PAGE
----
# Quick Access

#### Algorithms Categories

#### Ressources

# Introduction

Everything that you do with a computer relies in some way on an algorithm.
In fact, any softwares (even the most advanced Artificial Intelligence)
are only algorithms put together with some structured data.

That's it: **Algorithms + Data Structures = Softwares.**

Algorithms define how to operate, what to do exactly to solve a problem. If we relate it to mathematics or physic, then it could mean solving an equation step by step with a recipe (e.g. Robot Resolving 1st order equation).

**Learning algorithms does not require you to know any programming language
(algorithms remain the same, only the syntax may change)**;
it only requires you to have an understanding of the steps that are involved.
It is however recommanded to know one if you want implement your
own algorithms and see them running.

# Objectives

We will learn how to implement ourself very usefull and
powerful algorithms.
We will cover programming techniques such as :
**complexity, divide and conquer strategy, recursion, fusion, optimization,
string rewriting systems, partition method... **

### What's next?

Once you handle some algorithms concept you may go further with data structures, complexity, a new programming language and create your own piece of software.

# Why are algorithms so important?

Understanding algorithms gives you a great vision of the numerical world. Without understanding them it is difficult to see things from higher perspective, to predict what could efficiently works or produce unacceptable results.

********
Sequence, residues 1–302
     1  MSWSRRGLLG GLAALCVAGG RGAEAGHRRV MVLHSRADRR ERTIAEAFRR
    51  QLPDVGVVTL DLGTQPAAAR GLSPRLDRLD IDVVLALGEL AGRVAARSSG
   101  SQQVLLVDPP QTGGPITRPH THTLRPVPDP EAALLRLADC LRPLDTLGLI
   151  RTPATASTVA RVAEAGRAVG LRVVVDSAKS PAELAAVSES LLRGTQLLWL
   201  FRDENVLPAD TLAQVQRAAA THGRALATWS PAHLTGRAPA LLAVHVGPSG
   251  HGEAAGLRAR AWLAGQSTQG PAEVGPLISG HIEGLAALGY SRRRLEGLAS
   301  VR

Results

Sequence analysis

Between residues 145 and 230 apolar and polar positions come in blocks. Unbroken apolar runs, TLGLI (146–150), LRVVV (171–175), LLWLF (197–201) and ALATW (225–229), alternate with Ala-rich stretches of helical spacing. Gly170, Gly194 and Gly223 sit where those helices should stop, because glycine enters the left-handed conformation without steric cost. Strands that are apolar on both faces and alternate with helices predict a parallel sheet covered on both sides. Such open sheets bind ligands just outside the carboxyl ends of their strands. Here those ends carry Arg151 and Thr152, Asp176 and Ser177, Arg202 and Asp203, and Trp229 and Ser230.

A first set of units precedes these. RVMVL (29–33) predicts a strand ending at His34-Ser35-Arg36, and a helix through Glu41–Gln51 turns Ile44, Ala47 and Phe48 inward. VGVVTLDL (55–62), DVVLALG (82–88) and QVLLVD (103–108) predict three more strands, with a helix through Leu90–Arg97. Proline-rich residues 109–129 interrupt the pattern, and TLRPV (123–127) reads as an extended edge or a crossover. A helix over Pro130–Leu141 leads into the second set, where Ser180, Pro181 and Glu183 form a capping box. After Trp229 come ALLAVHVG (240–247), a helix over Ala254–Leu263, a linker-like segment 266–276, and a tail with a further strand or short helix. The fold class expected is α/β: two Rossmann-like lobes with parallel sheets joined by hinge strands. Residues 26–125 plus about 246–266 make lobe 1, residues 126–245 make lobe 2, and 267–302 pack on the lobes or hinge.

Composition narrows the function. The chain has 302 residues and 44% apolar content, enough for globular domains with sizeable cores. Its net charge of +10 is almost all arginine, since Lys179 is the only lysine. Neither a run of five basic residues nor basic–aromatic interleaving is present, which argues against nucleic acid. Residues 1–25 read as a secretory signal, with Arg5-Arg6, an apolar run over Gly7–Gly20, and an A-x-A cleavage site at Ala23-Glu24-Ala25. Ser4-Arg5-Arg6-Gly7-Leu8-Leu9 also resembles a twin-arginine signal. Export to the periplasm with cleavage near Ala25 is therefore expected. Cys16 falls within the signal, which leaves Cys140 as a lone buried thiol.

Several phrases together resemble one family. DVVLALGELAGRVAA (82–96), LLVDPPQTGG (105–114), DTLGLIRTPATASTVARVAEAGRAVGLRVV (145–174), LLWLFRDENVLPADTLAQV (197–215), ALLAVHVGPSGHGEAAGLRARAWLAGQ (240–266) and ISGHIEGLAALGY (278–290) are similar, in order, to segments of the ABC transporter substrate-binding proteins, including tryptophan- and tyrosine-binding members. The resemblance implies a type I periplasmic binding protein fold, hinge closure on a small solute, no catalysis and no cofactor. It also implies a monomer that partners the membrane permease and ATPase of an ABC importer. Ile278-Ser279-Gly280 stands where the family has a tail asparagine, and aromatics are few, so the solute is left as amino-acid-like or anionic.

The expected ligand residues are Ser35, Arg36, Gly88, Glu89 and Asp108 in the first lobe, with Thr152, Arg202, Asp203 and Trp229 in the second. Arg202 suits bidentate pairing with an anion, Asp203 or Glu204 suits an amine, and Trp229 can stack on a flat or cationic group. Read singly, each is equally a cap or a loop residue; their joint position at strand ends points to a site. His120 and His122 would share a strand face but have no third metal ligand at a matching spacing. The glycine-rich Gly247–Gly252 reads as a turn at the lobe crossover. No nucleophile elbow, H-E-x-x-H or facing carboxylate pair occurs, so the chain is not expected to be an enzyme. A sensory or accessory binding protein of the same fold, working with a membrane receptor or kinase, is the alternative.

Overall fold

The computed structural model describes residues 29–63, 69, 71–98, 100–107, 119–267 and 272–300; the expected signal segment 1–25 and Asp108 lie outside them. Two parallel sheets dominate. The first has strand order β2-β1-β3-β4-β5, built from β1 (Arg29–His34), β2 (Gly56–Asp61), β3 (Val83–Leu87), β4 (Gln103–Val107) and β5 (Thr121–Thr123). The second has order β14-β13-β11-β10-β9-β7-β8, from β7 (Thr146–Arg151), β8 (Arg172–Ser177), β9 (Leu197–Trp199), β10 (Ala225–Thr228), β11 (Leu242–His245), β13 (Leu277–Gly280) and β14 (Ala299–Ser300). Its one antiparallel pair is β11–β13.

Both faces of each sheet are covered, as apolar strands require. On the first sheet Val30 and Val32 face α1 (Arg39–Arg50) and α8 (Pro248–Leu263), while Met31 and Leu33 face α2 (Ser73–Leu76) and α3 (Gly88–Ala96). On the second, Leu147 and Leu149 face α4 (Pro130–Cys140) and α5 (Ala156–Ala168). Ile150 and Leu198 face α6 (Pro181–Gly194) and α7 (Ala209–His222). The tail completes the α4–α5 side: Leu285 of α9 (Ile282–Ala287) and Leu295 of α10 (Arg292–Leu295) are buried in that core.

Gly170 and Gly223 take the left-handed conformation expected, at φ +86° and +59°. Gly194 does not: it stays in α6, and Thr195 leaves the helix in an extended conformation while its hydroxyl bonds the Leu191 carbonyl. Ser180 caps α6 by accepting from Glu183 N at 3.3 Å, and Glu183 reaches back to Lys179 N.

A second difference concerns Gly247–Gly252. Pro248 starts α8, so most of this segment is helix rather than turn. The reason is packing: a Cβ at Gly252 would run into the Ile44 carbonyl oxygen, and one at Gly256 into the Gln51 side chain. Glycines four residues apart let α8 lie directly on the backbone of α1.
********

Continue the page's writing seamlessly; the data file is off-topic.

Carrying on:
**The more we know about algorithms,
the better our chances are of finding a good way to solve a problem.**
In many many cases, a new problem can be reduced to old problems without too much effort.

Many of the problems, **though they may not seem realistic,
require the same set of algorithmic knowledge that comes up every day in the real world**.

## They are way easier to understand than you can imagine

Algorithms are almost always associated to mathematics and all the obscurantisme it inspires. The math is useful but you won't need it most of the time.

## Don't spend any time memorizing algorithms

That's not the point: **instead, try to understand how different algorithms approach
different problems**.
See what makes one approach slow while the other is fast and learn what the tradeoffs are.
**The key is to get insight in how we can make computers do things.**

# References

- The Algorithm Design Manual Book by Steven S Skiena
- Analysis of Sorting Algorithms by Kolmogorov Complexity - Paul Vitányi
- Wikipedia